producer, Thundergulch; Rachel Greene, editor, Rhizome Communications,

Robin Masi, founder of Feminist Art History Listserve, and Theresa

Senft, a performance artist.

Reynolds will be on a 2:45 p.m. panel entitled "Working Women

Artists within Institutions" along with her sister Leah (a sculptor

and mother), Tina Maschi (a musician and prison social worker) and

Gail Holy (a visual artist and returning student). For $30 registration

call 732-932-9072.

A native of Washington., D.C., Reynolds majored in English at Vassar,

Class of 1984, and has master’s degrees from Rutgers and the University

of Michigan. In addition to her administrative job at Douglass College

she also teaches courses in creative and expository writing and an

introductory course in Women, Culture, and Society.

Her administrative job involves recruitment and lots of paperwork,

but she has leavened her duties and turned her job into something

more sympathetic to her interests. "I chose to take on a lot of

advising and student interaction that sometimes is pretty exhausting,"

says Reynolds. "But those are the things that keep me intellectually

interested at work."

Top Of Page
Artistry at Work

<B>Steve Gross combines his work with his art by

promising to play his violin for guests at his firm’s party. DevCom,

his marketing communications firm that specializes in the healthcare

industry, is having an open house at 114 Main Street in Kingston on

Friday, May 15, at 6:15 p.m. In 1982 Gross started DevCom in Paoli,

Pennsylvania. He moved to the Carnegie Center in 1993, and then to

the two-building Kingston property that he has renovated (U.S. 1,

March 25).

For some conditions (edema and arthritis, for example) Gross has invented

a diagnostic gadget and sold the trademarked invention to a drug company

to be used as a marketing tool. For the makers of DHA (a little known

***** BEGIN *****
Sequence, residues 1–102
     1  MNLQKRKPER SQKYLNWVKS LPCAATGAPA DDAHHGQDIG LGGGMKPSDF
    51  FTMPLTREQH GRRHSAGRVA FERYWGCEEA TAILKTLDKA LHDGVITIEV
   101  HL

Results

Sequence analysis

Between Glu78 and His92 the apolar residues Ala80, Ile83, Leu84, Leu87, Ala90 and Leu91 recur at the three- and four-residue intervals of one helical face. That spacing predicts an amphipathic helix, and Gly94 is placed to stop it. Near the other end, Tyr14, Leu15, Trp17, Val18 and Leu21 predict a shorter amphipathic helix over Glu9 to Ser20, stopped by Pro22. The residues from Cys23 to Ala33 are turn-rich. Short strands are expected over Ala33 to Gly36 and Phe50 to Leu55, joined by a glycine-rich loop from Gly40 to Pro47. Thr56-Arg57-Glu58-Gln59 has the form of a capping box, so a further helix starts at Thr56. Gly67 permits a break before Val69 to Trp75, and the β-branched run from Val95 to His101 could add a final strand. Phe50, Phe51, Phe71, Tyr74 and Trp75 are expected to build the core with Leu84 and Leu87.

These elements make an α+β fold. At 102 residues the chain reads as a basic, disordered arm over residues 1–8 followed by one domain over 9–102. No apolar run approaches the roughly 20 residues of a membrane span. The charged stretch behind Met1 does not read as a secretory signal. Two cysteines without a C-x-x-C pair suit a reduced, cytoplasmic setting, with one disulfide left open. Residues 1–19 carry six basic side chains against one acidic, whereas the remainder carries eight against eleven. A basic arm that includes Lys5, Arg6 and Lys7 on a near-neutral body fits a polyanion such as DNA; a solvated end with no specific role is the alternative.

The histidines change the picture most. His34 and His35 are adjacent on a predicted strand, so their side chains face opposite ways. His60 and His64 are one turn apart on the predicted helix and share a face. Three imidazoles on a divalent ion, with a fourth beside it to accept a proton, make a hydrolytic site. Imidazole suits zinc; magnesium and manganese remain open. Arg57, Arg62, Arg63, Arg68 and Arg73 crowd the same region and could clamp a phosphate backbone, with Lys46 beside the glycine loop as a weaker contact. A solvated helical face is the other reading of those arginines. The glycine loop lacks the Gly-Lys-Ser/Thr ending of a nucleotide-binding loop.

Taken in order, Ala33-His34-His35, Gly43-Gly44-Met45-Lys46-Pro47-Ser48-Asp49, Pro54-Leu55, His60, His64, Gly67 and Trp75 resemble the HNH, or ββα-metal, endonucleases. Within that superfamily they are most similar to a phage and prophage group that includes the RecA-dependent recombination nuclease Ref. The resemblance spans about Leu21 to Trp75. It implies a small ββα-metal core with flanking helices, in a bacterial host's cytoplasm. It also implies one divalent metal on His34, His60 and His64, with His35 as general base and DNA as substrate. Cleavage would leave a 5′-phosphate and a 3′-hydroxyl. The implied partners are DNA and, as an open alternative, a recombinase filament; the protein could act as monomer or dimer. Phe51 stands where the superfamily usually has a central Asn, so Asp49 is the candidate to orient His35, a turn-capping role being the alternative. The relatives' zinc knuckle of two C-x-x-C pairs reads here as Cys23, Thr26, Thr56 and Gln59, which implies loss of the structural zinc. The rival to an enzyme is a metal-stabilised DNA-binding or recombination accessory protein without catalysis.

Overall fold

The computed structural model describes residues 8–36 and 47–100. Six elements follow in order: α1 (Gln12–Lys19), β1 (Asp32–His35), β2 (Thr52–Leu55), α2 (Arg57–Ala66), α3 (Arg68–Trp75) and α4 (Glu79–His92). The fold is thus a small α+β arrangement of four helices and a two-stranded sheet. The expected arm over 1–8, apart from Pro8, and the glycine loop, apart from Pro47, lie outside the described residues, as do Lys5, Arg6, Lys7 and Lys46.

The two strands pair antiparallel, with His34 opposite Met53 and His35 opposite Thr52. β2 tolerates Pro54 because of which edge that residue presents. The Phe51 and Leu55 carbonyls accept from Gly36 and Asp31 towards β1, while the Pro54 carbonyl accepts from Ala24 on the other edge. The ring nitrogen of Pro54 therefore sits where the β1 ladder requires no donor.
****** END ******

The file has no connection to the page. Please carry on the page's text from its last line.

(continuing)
food additive for infants), he helped found an organization named

"Pregnant Physicians for DHA" that could speak out for adding

docosahexaenoic acid to the diets of infants and nursing mothers.

A serious violinist, Gross is vice president of the Princeton Music

Club and on Friday will perform 15 minutes of selections ranging from

Mozart to a jazz/classical version of "Cheek to Cheek." For

information on DevCom call 609-924-4666 or E-mail DevCom@adv.com.

On Route 1, an `Absolute Auction’

Big commercial real estate auctions are rare in Princeton.

Even more rare are those that have no minimum bid. More unusual still

are those that can come with a liquor license. Princeton’s next big

commercial real estate auction, on Wednesday, May 20, at 1:30 p.m.,

will sell 23 acres on Brunswick Pike at "absolute auction"

with no minimum bid and no reserve.

Go to this one, and you just may meet the developer of this area’s

next hotel or restaurant. Why? Because the auctioneers just announced

that an arrangement has been negotiated with Robert Zylstra, owner

of the Marroe Inn, which sits on one of the parcels. Zylstra will

put the inn’s liquor license up for reserve auction following the

real estate sale. Only the buyers of the real estate would be permitted

to bid on the liquor license, and the minimum bid will be $300,000.

A possible conclusion: That somebody hoping to build a restaurant

or a hotel on this land hopes to be among the bidders and is pressuring

the owners.

"If Zylstra is able to get his price, the license enhances the

potential value of the real estate," says Ron Hurford of Traiman

Real Estate Auctions, "for someone who wanted to build a hotel

or a restaurant serving alcoholic beverages. The owners were trying